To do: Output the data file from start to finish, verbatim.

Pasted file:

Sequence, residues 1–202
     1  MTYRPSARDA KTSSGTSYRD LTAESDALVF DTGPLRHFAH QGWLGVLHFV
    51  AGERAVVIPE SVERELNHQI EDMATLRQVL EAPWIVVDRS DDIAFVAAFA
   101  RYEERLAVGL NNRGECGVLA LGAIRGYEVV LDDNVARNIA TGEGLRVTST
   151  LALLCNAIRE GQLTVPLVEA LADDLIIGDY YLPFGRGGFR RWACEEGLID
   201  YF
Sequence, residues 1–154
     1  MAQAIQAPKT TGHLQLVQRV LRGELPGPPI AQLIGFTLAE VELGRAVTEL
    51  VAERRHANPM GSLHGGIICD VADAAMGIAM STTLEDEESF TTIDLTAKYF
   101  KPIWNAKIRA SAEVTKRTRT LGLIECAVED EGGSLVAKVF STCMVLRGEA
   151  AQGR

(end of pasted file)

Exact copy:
Sequence, residues 1–202
     1  MTYRPSARDA KTSSGTSYRD LTAESDALVF DTGPLRHFAH QGWLGVLHFV
    51  AGERAVVIPE SVERELNHQI EDMATLRQVL EAPWIVVDRS DDIAFVAAFA
   101  RYEERLAVGL NNRGECGVLA LGAIRGYEVV LDDNVARNIA TGEGLRVTST
   151  LALLCNAIRE GQLTVPLVEA LADDLIIGDY YLPFGRGGFR RWACEEGLID
   201  YF
Sequence, residues 1–154
     1  MAQAIQAPKT TGHLQLVQRV LRGELPGPPI AQLIGFTLAE VELGRAVTEL
    51  VAERRHANPM GSLHGGIICD VADAAMGIAM STTLEDEESF TTIDLTAKYF
   101  KPIWNAKIRA SAEVTKRTRT LGLIECAVED EGGSLVAKVF STCMVLRGEA
   151  AQGR